It's okay for a woman to know her place. She just shouldn't stay there. Rule #59, The Southern Belle's Handbook. Sissy LeBlanc is probably the sexiest, wildest girl ever to live in Gentry, Lousiana, and the heroine of Loraine Depsres's hilariously diverting first novel. Hilarious and thought-provoking.
I didn't absolutely hate this book, but I definitely didn't love it either.
Overall I found the whole thing a bit contrived and boring. Told mostly from the viewpoint of a bored housewife of 14 years (who dropped out of high school at 16 to have her first child and get married), the language was inconsistent and the plot twists were weak and somewhat predictable.
While it had a happy ending, the journey itself left me cold.
The excerpts from "The Southern Belle's Handbook" alone are enough to make this a must-read. The saga of Sissy LeBlanc is a heart- and mind-, not to mention body-, tangling bonus. The observations about Yankee women were so on target that I believe her views of the Southern belle as well. This is better than Tobacco Road.
This book will keep your attention. The heroine is a sweet and sexy woman who is still very connected with the girl she once was. There are scenes from the present and her teenage past which link the characters and situations together nicely. I was skeptical about reading it because I don't usually go for what is referred to as "chic-lit" but it was definitely a pleasant and interesting read. I enjoyed the southern tone and the small town setting.
Sissy LeBlanc is a wild little character who, as a woman with limited resources within a small southern town, must come to terms with what it is to live by the rules of the Southern Belle Handbook. Though a pleasurable, fast read, the language the author employs is more enjoyable, in my estimation, than most chic lit novels. Despres seems to relish her words and comes up with creative ways to relay and describe familiar situations. The book is a guilty pleasure and a great summer read, as long as you are ready and assured that Sissy LeBlanc is no saint.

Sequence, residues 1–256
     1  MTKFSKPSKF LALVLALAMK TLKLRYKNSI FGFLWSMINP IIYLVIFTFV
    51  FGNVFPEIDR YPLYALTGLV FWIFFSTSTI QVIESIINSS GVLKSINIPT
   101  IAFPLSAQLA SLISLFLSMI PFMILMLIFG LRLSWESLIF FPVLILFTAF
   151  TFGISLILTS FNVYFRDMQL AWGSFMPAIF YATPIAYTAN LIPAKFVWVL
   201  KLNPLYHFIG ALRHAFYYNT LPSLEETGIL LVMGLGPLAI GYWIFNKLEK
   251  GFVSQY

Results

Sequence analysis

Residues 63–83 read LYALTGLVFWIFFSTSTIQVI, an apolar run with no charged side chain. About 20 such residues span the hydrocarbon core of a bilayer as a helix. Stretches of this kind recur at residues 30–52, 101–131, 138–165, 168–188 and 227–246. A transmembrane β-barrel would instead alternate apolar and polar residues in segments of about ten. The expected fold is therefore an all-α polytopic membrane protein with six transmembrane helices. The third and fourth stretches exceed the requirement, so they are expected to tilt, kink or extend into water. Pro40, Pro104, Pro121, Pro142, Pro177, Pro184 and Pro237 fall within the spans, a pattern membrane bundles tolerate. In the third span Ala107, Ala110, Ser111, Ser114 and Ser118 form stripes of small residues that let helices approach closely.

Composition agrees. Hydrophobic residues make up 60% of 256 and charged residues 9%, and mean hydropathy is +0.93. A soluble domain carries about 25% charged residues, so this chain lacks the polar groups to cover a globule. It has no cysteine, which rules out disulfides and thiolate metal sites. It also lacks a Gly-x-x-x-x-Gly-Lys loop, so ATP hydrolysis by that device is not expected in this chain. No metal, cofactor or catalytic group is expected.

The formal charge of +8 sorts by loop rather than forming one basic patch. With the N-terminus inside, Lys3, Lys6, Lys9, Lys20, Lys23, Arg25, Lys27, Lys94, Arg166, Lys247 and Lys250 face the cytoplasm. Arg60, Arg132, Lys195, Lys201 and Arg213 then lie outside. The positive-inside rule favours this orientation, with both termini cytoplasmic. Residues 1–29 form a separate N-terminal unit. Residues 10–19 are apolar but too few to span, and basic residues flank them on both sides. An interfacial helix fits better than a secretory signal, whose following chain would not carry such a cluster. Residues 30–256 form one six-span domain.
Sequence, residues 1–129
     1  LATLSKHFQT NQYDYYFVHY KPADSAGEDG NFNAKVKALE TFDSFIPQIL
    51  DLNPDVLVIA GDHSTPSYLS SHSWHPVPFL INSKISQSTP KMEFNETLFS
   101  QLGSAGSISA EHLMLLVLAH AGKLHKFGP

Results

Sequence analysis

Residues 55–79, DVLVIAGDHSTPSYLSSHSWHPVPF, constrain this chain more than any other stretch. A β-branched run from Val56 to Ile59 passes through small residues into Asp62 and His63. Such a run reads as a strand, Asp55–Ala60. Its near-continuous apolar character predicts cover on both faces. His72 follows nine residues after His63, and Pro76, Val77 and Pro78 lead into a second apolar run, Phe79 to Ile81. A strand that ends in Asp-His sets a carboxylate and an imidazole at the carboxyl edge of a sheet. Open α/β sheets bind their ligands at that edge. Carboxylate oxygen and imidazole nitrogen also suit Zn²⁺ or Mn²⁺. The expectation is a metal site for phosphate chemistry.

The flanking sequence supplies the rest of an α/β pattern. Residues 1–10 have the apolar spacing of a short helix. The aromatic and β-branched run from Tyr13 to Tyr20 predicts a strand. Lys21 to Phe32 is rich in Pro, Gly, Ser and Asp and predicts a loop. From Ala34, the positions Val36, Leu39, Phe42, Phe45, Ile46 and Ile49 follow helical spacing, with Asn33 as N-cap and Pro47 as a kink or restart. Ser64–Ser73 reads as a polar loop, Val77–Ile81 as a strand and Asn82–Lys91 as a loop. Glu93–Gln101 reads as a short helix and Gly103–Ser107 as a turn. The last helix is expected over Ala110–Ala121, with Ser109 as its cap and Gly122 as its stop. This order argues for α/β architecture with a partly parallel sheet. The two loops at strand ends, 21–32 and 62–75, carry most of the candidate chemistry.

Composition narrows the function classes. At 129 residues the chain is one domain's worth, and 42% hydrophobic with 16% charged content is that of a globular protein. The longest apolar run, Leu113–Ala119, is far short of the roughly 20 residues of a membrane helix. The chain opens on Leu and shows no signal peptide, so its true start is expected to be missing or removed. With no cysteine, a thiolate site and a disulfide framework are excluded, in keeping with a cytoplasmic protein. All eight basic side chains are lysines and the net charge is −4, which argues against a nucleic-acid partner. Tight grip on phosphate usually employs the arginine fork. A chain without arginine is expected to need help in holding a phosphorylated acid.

A entertaining read. I have to say, I did not like the main character at all. However, about halfway through the book, I started to feel for her. After reading the beginning (and the back cover) of the book. I was so surprised at the end that I actually cheered! Quietly, of course. :)
If you're a fan of Southern fiction and you're in the mood for a light read, then be sure to read this book.
A steamy Southern novel -- a wife and mother in a tolerable marriage, Sissy is astonished when her high school love returns to town. As we dig deeper, we learn Sissy, with her Southern Belle Handbook of rules for behavior, in fact has a more sordid history than we imagined. Builds to an unexpected climax in a story that I enjoyed following.
I loved this book set in the 40s and 50s. Sissy LeBlanc takes us back through her racey life as the high school head cheerleader going steady with the most popular high school football player and how it all falls apart. She ends up in "trouble" and marries PeeWee LeBlanc to seek revenge on his father, who the baby belongs to. The story takes place in a small south Louisiana town. We follow her life and her rules which she calls the rules of the Southern Belle's Handbook which she has borrowed from rules her grandmother has told her and Sissy modifies as they suit her situation and her needs. The characters in the story are developed well and are realistic. The story has a side line story of racisim intertwined skillfully.